It does highlight once again the need for businesses, large and small to create robust financial administration systems. A successful credit control process that limits your exposure to risk and keeps your all important cash flow healthy, can be the difference between growth and insolvency.
If you would like to discuss your credit control process or have issues with late payments, we’d be happy to discuss your situation and guide you towards a solution.
Regular readers to our newsletters, blogs and social media will know that we’re championing insolvency regulation and law changes.
The goal is to prevent reckless company directors from evading all liabilities, with such ease when their companies enter insolvency.
The process of closing a business and then ‘phoenixing’ a new company from the flames, free of debt needs to stop. It is the scourge of all small businesses.
We’re campaigning with the Government’s Small Business Commissioner Paul Uppalfor changes in both law and legislation. Reckless directors must remain responsible and be held accountable for their actions.
We reported last month discussions we’d had with the Commissioner’s office about what changes needed to be implemented. This directly led to meetings both with the business regulatory bodies i.e. Companies House and in the annals of power in Parliament.
Notably the Government said it wants to stop the practice known as ‘phoenixing’. Plus it stated that for the first time, directors dissolving companies to dodge debts will face misconduct investigations.
Change is starting to be noticed. Indeed Stuart Firth, President of the Insolvency and Trade Body R3 stated… “The Government’s announcement that it will look to disqualify directors of such companies, is an important part of ensuring that directors are less likely to walk away from their responsibilities”.
Now we’re not stating that we’re directly responsible for these steps but we’ll happily take some credit where necessary.
We’ll continue to converse with the Commissioner’s office and the next stop is conversations with The Insolvency Service, to discuss how we can put these plans and ideals into general practice.
Large company failures…. They make the news on an almost weekly basis.
Big high street brands such as Toys R Us and House of Fraser have suffered high profile insolvencies this year and others like Debenhams and Marks & Spencer have been forced into an aggressive program of store closures.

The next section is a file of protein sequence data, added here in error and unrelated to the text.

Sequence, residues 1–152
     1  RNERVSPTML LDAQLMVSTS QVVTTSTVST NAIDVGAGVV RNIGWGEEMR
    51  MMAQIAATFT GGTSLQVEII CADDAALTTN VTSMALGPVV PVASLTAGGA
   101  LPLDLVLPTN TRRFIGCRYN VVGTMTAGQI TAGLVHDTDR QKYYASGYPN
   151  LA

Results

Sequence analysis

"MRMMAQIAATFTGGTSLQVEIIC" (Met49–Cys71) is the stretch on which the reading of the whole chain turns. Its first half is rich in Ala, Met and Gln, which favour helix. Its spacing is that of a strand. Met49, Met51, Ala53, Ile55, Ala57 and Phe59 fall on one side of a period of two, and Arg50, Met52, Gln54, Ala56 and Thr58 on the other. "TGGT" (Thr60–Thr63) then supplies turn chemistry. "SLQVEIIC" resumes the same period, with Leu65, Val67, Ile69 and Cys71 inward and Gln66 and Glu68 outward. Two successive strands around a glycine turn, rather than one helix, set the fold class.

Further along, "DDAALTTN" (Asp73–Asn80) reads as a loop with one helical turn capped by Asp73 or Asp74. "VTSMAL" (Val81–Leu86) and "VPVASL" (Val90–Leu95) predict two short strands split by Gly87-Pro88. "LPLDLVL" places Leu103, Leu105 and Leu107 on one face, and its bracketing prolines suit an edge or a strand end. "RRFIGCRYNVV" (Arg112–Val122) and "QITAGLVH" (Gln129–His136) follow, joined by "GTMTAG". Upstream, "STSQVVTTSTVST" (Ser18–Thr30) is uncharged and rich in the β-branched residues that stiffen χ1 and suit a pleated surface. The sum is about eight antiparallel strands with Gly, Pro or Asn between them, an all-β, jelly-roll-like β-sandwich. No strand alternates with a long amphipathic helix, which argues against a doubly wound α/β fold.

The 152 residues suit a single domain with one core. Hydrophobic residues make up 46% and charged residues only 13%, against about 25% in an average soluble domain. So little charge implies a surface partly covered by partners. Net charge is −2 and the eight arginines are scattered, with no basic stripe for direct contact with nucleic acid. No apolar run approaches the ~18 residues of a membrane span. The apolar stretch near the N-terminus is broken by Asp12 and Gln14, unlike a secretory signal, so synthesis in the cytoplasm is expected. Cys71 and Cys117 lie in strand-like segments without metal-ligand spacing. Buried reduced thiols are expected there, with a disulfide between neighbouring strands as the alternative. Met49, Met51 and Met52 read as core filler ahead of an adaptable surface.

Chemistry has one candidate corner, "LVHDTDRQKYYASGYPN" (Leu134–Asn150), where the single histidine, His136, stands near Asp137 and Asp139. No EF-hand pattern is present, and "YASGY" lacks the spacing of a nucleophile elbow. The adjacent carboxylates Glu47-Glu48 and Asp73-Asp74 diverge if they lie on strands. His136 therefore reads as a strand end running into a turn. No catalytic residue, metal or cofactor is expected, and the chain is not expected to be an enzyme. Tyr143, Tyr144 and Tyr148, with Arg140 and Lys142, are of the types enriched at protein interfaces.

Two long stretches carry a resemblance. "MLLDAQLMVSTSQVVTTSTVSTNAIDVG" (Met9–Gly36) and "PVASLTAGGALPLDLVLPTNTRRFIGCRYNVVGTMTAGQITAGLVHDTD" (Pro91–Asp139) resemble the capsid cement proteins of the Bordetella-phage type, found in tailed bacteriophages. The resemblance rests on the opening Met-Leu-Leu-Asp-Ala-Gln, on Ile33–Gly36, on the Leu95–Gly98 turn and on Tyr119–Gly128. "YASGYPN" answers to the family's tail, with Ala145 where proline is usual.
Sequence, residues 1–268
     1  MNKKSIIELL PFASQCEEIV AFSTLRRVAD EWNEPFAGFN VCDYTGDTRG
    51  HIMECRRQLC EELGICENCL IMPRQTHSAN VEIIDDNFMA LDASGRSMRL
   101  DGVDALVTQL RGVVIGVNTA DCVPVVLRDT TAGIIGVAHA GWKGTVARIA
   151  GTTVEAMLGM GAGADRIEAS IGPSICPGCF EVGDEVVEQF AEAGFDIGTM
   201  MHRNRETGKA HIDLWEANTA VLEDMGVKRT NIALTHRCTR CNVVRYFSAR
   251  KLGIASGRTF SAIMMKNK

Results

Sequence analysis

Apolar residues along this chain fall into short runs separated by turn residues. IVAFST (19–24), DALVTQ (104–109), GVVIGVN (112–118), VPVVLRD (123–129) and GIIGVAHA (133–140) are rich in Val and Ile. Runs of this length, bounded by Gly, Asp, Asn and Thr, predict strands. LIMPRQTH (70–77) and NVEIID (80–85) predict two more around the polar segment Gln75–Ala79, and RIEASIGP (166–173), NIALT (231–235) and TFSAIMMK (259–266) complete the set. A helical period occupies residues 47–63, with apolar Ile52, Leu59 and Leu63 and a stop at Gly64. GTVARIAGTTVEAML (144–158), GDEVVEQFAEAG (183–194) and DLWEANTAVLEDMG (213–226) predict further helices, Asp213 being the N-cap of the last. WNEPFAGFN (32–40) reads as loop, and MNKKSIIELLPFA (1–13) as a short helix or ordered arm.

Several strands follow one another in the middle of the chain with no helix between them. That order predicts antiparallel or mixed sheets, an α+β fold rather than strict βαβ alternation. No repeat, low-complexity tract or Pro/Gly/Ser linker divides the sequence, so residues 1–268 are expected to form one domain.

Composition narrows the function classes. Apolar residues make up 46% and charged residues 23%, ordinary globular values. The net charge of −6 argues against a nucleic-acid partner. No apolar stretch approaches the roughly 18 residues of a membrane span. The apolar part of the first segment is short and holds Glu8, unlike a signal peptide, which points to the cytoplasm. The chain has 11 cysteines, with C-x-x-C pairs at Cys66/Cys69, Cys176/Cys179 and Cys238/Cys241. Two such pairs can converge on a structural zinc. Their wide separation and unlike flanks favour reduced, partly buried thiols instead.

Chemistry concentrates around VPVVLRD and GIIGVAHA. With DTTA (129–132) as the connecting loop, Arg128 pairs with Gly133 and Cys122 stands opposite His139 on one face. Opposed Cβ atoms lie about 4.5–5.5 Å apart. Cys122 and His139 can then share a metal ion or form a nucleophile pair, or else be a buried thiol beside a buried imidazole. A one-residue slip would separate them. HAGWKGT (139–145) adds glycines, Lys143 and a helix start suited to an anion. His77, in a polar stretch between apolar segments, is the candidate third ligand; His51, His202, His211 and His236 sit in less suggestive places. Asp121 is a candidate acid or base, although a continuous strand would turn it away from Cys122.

In fact The Centre for Retail Research confirms that 41 high street names have entered insolvency so far in 2018… and it won’t end there.
Now we realise that not everybody deals directly with these big high street brands but the likelihood is the chain of supply will work it’s way to your clients and suppliers in some way and will they be forced to pass on their pain to some degree ?
The question is, what can you do to avoid being a victim in these trying times.
The answer is simple, keep doing your diligence.
Regular readers will know that we often speak about employing good checking processes and systems into your credit control procedures. In these trying times, let’s quickly revisit them.
1.Conduct REGULAR credit checks on your client and suppliers.
Check for any adverse profit warnings, reduced credit scores and credit limits. All of these are indicators that the reference agencies and regulators are concerned.
2. Reference Companies House and other business databases.
Check your existing and new information with the databases. Have new businesses been set up by the same directors ? Does this point to an imminent change in the business ?
3. Do your diligence on the internet.
The internet is a great source of news and notices. If there are rumblings of troubles and insolvencies on the horizon, it’s better to be forewarned so you can act first, not last.
Now we’re not saying that by you conducting the correct diligence, the rate of company insolvencies will fall, far from it.
What we are saying is that in these days of companies closing, entering insolvency and then ‘pheonix-ing’ from the flames overnight into another business, you are better forewarned.
For 2018 has definitely shown us that your leopard can indeed change it’s spots.
If you would like to learn more about the diligence, credit control processes and methods to improve overall cash flow in your business check out our other News Blogsor attend our Seminar, that is taking place as part of Leeds Biz Week.